Coastal Connection reported last month on efforts by Citizens Property Insurance, the state-run insurer of last resort for Florida homeowners who need windstorm coverage, to shed policies and raise rates in order to reduce the company's exposure in case of a hurricane.

This week, the Miami Herald is reporting that some Florida seniors are considering going without windstorm policies on their homes — or have actually allowed their insurance to lapse (“Senior citizens go without homeowners insurance amid soaring premiums," by Toluse Olorunnipa).

“Seniors are more likely to own their homes outright, meaning they have the option of going without property insurance," the paper reports. “As Citizens Property Insurance Corp. raises its rates and its post-claim deductibles, more older Floridians are doing the math and opting to do just that."

“Senior citizens covered by the state-run insurer also have to deal with limited fixed incomes, rising healthcare costs and stiffer insurance requirements targeting older homes," the paper pointed out. But Carlos Lacasa, the company's chairman, told the Herald that Citizens can't legally favor senior citizens over any other policyholder.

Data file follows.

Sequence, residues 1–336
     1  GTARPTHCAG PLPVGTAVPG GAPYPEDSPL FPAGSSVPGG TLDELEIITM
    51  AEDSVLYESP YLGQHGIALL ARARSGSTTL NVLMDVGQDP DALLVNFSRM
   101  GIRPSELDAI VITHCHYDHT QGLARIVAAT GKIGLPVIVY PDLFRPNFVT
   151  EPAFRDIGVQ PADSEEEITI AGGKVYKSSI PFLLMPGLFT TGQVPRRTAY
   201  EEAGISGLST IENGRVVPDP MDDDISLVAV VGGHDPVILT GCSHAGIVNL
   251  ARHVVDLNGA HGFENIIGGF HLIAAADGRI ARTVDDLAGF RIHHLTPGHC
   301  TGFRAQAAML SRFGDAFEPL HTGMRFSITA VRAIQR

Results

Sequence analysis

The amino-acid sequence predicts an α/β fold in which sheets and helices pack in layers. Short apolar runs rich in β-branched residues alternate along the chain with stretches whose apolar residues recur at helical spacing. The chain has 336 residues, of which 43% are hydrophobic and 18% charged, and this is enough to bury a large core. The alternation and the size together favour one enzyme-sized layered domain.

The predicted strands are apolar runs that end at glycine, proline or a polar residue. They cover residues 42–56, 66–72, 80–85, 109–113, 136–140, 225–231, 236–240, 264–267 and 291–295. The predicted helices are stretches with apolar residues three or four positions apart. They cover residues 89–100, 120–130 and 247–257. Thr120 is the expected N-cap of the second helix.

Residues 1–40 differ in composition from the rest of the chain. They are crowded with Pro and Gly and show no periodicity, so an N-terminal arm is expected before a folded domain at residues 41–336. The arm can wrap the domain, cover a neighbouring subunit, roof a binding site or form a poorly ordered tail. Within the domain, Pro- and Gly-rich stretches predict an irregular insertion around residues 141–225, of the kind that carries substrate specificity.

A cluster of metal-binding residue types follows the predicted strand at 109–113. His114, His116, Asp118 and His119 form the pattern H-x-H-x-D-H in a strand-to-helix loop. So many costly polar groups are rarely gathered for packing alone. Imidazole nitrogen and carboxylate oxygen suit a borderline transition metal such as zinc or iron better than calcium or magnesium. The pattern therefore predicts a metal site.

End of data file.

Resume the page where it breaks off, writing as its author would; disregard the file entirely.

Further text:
As Citizens hikes its rates, the effect is being felt in the real estate market and the homebuilding industry, reports the Herald (“Insurance 'sticker shock' for home buyers," by Toluse Olorunnipa). “Danny Hertzberg, a Miami Beach real estate agent, said that in the last six months he has seen insurance costs emerge for the first time as a 'big ticket item' with the potential to kill pending sales," the paper reports.

Citizens has also stopped issuing Builders Risk policies to cover homes under construction, raising the cost to builders. In the Florida Keys, according to Monroe County Commissioner Heather Carruthers, “Eliminating Builders' Risk has stopped construction and is damaging the Keys economy."